Hypatia and Davus are both depicted as individuals centuries ahead of their time. Hypatia prefigures Kepler and Copernicus by a millenium as she gropes toward the truth about the Earth’s movement around the sun; Davus, chafing at the slavery which binds and limits him, is drawn to the egalitarian ethos of Christianity. Their different social status, and the exigencies of melodrama, put them at odds, but you can sense Agora’s screenplay grappling with inconsistencies of character. Davus reveres knowledge yet willingly participates in the Library’s desecration; Hypatia grimly plays the martyr when one would think she’d use every possible trick to make sure her new discoveries see the light of day.
Agora is a handsome production – it has the requisite impressive architecture (hard to know where the set-building ends and the CGI begins), throngs of extras running through streets, and a few images that will stick in the memory, including a dazzling shot that zooms, like the classic short Powers of Ten, from the globe in space to a building at the center of Alexandria. Weisz brings a welcome dash of specificity and fussiness to Hypatia – rather than a serene, all-knowing patron saint of science, she’s a compulsive workaholic, exasperated at her own social ineptitude. There are moments where the film transcends the portentous posturing of the Biblical epic, and if at other moments it fails to do this, it’s nonetheless strangely comforting to be reminded that Biblical (or, if you like, post-Biblical) epics are still being made from time to time. What’s perhaps most pleasing about the movie is its essential love of rationality, of discussion, of the camaraderie of students in pursuit of knowledge. Would a group of scholars, besieged in their own library by an angry mob and awaiting an uncertain fate, really pass the time by discussing Ptolemy and Aristarchus? Well – now that you mention it – they might, and one of Agora’s most touching moments has an elderly librarian sitting on the wall, gesturing to the heavens as he casually describes and then dismisses heliocentrism. The script intelligently places Hypatia’s hypothetical discoveries within a continuum of ideas – she’s not the first person to think the earth might revolve around the sun, but perhaps the first person determined to make the idea work.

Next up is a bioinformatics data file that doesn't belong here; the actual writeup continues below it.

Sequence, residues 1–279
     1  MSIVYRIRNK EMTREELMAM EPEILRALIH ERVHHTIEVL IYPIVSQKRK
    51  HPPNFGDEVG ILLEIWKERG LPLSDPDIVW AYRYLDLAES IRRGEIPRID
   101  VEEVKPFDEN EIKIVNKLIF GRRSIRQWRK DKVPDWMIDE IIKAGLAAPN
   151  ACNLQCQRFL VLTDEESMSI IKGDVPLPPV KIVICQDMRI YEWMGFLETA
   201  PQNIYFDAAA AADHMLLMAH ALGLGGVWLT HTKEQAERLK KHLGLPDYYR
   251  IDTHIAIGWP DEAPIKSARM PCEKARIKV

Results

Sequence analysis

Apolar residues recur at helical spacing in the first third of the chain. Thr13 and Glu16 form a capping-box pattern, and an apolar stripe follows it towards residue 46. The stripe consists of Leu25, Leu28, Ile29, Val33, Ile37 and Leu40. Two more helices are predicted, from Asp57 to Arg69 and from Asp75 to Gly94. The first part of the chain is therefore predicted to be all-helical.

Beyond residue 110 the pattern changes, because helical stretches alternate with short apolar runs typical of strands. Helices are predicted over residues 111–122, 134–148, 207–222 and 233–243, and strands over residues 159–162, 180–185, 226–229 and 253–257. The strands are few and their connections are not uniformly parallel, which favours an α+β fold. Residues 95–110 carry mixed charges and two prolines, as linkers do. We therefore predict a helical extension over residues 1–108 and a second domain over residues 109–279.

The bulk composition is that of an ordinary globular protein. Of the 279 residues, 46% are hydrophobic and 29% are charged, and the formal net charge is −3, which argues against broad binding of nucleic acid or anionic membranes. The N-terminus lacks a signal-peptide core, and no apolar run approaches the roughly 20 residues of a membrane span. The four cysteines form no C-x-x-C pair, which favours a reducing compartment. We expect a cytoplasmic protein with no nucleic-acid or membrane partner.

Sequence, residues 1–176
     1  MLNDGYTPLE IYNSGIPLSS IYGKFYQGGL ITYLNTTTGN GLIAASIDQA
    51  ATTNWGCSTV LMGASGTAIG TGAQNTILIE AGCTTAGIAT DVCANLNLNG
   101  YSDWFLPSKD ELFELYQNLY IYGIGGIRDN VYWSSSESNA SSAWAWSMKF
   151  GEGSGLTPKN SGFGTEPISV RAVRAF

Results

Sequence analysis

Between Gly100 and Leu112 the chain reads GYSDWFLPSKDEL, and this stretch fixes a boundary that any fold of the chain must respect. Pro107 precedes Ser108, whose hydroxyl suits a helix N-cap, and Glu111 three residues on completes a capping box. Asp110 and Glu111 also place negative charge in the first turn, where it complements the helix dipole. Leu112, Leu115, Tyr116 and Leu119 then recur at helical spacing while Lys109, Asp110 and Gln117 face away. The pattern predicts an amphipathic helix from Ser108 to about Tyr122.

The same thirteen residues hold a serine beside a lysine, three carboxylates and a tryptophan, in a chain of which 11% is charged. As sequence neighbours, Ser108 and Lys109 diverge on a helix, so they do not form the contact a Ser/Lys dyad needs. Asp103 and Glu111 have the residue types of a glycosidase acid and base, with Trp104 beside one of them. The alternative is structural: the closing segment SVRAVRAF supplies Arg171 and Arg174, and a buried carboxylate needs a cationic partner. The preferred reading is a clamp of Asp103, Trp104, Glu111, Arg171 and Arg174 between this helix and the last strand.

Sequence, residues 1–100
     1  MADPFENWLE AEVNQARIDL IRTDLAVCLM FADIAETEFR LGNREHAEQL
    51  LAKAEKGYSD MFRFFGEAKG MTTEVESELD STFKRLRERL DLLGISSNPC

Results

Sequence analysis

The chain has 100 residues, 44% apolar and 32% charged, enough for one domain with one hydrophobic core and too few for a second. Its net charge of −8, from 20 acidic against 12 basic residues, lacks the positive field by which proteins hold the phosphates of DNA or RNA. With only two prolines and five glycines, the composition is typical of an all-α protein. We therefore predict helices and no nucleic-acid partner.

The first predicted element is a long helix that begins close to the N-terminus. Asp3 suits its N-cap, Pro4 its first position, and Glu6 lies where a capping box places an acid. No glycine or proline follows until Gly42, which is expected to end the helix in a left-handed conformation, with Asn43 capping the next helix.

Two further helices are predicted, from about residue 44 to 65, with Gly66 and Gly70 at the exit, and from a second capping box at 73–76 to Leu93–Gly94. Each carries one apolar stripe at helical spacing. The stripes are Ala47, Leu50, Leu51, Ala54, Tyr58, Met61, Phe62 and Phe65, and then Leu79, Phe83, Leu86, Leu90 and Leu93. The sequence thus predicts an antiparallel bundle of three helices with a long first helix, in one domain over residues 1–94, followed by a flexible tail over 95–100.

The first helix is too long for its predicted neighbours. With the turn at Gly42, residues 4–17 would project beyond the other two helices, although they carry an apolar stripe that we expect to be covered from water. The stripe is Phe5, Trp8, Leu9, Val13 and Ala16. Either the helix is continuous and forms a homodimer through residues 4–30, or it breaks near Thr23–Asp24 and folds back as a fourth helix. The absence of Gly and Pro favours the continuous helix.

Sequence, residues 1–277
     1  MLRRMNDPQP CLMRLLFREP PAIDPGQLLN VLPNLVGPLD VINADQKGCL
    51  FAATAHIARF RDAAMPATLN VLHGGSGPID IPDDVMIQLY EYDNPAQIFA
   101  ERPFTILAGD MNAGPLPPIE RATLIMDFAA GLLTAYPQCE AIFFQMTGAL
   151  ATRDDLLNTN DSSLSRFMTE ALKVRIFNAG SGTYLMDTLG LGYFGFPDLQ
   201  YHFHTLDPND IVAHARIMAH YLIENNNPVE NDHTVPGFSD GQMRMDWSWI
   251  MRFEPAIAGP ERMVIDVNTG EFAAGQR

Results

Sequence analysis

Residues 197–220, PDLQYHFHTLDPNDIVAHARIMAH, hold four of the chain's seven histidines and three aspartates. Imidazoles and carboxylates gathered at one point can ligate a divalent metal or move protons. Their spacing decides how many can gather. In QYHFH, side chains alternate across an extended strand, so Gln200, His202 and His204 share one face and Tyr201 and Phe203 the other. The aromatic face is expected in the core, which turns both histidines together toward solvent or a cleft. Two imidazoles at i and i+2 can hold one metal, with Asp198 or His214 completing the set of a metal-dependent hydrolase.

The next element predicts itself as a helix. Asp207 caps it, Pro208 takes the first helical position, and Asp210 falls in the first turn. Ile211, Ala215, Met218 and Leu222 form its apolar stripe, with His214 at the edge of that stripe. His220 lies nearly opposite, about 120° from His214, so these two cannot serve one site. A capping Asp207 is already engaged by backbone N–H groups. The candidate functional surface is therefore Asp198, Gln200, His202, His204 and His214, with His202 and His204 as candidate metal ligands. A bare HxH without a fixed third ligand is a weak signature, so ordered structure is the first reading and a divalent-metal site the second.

It’s tempting to boil Agora’s plot down to a simple conflict of science versus religion, which the screenwriters are clearly at pains to prevent. The villain here – represented by the bishop Cyril, who leads a Christian takeover of the city – is extremism, not religion per se. Wise enough and true enough and pragmatic enough, but a little dull. When it’s so easy to agree with a film’s moral, the mind wanders; after a while you get tired of being the choir that’s preached to (a problem that also plagued Ridley Scott’s nonetheless admirable Kingdom of Heaven, which would make for a nice “can’t we all just get along?” double feature with this film).
The truest emotion at work in Agora is not tolerance or wisdom, but impatient frustration that the chaos and noise of history may have set back the cause of human knowledge by so many years. For all its flaws, the film powerfully evokes this passion – this endearing undergraduate disdain for the imperfections of history, just as one of Hypatia’s students complains about the inelegance of Ptolemy’s model. Simply for putting the viewer into that energized frame of mind, Agora rewards viewing. Just watch Cosmos first.